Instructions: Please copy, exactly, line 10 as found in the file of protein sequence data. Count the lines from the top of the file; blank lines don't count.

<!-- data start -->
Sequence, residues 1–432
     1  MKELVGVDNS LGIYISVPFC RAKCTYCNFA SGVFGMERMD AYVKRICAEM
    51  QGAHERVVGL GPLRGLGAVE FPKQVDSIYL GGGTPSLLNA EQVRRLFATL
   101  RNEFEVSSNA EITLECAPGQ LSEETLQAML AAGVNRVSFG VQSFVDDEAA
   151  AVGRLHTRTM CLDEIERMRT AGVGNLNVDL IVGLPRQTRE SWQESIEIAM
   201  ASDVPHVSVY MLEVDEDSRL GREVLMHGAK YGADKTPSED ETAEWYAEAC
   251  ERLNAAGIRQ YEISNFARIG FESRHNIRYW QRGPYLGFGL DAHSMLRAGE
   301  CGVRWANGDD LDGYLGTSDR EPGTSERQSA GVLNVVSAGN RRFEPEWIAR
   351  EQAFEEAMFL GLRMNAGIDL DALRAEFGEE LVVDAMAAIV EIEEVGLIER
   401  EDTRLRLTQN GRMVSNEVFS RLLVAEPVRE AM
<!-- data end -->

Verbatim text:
   401  EDTRLRLTQN GRMVSNEVFS RLLVAEPVRE AM